May 2, 2014

Tags blog

Introduction: Deploying Drupal on SoftLayer with Chef - Part 2
<p>In our <a href=>first in

In our first installment, I gave an overview of the Chef automation, framework, and terminology and introduced Drupal. Now, let’s install and configure our Chef server, workstation, and client node. First, we need to configure our development machine with the SoftLayer CLI in order to create three virtual servers in SoftLayer. You can also create the virtual servers using the SoftLayer customer portal, if you prefer.

We will use three servers: chef-server-demo, chef-ws-demo, and chef-drupal-demo, each running Ubuntu 12.04 LTS under the domain Note that you can run the Chef workstation on your development machine as well, but I prefer to keep those separate.

Set up the Development Machine

I’m using an Ubuntu 12.04 LTS as my development machine. Let’s install the SoftLayer Python client.

apt-get -y install python-pip
pip install softlayer

Now configure the client using sl config setup.

For more information on setting up the SoftLayer Python client, see Getting Started with the Python CLI.

Set up the Chef Server

Next, we will create the virtual server for our Chef server. We will use a 100GB local disk and the latest Ubuntu version.

sl cci create --hostname=chef-server-demo --cpu=1 --memory=1024 --hourly --os=UBUNTU_12_64 --disk=100 

Once the provisioning is complete, run sl cci detail --passwords where id is the ID of the CCI returned from the step above.

Log in to the Chef server. Ensure that the hostname of your server is a FQDN. Here are detailed instructions for this, or you can run hostname. This should return the FQDN If it does not, run the following command:

sudo hostname
echo | sudo tee /etc/hostname

Follow the Chef install page:

  • Select the Chef server tab.
  • Select the Operating System (Ubuntu in our example).
  • Select the Operating System version and the platform (12.04 and x86_64).
  • Select the Chef server version to download (11.0.10).
  • The package will display as an option; right click and copy the URL link.

Download the package on your Chef server (using wget, for example). Install the package, using the correct method, on your system. In our example using Ubuntu, the command is dpkg –i xxx.deb.

Once installed, configure the Chef server by running sudo chef-server-ctl reconfigure.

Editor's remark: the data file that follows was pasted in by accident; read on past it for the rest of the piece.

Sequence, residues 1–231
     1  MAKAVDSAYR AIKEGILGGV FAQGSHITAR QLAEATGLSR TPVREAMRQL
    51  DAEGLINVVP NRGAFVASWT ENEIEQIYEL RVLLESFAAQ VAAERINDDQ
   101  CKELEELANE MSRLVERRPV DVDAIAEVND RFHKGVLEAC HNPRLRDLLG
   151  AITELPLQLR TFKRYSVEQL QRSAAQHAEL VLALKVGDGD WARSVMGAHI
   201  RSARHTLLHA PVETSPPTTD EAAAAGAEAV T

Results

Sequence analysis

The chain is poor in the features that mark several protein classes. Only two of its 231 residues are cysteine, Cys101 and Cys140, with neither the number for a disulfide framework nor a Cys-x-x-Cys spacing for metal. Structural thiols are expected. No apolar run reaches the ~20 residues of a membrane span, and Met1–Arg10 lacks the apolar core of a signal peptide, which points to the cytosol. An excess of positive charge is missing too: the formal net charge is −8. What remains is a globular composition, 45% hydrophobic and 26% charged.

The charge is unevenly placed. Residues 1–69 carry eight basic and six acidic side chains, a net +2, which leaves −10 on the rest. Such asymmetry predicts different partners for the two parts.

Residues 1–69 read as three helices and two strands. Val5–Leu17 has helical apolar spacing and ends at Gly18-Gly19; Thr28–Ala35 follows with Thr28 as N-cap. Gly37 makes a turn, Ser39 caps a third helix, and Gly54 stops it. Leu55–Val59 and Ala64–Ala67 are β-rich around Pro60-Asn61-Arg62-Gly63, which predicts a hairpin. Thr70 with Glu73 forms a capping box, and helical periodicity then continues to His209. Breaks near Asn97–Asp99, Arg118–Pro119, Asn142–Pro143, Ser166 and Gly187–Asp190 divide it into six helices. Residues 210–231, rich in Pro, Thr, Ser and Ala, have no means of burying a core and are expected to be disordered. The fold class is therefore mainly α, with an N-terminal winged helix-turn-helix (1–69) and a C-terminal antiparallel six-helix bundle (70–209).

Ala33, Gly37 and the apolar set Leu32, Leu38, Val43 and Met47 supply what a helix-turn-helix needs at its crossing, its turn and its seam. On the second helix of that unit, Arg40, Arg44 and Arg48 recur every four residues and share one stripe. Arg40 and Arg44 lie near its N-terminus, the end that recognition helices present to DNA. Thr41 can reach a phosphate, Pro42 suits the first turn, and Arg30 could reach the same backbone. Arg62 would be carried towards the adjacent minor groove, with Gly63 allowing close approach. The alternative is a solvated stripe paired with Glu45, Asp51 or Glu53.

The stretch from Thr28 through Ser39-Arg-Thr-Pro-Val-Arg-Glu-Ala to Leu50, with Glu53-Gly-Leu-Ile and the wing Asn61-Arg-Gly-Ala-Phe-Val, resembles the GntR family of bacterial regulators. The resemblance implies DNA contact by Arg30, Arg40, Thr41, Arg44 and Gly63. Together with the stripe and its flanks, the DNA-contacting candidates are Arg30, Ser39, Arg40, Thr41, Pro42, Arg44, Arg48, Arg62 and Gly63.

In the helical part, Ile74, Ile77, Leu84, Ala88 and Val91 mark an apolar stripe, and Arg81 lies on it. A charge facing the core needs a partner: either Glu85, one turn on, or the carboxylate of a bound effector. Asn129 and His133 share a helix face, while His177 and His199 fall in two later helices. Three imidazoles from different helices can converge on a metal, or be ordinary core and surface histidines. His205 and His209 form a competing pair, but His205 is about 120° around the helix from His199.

Optionally, you can ensure that the Chef server is configured correctly by running sudo chef-server-ctl test.

As an additional validation step, you can log in to the Chef server UI. The default username and password are located on the right side of the portal.

Chef server portal - Default password on right side

Set up the Chef Workstation

Now, let’s create the virtual server for our Chef workstation. We will use the same CLI command as we did for the Chef server:

sl cci create --hostname=chef-ws-demo --cpu=1 --memory=1024 --hourly --os=UBUNTU_12_64 --disk=100

You can find detailed instructions on setting up the workstation here.

Log in to the Chef workstation. Ensure that the hostname of the workstation is FQDN, following the same steps as under the Chef server section.

Ensure that the Chef server hostname is resolvable from the workstation server. If it is not, add the host and IP address of the Chef server in the /etc/hosts file.

Next, install the basic packages that will be needed:
apt-get –y install curl git vim

Install the Chef-client:

curl -L | sudo bash

Once the installation is complete, make sure the Chef-client installed successfully by running:

chef-client –v

You should see the version returned.

Clone the Chef-repo under your home directory using:

git clone git://

Create the .chef directory in order to store the knife.rb file and the required keys using:

mkdir –p ~/chef-repo/.chef

Copy the admin.pem and chef-validator.pem files from the Chef server /etc/chef-server/ directory to the ~/chef-repo/.chef/ folder using:

scp root@chef-server-demo:/etc/chef-server/admin.pem ~/chef-repo/.chef/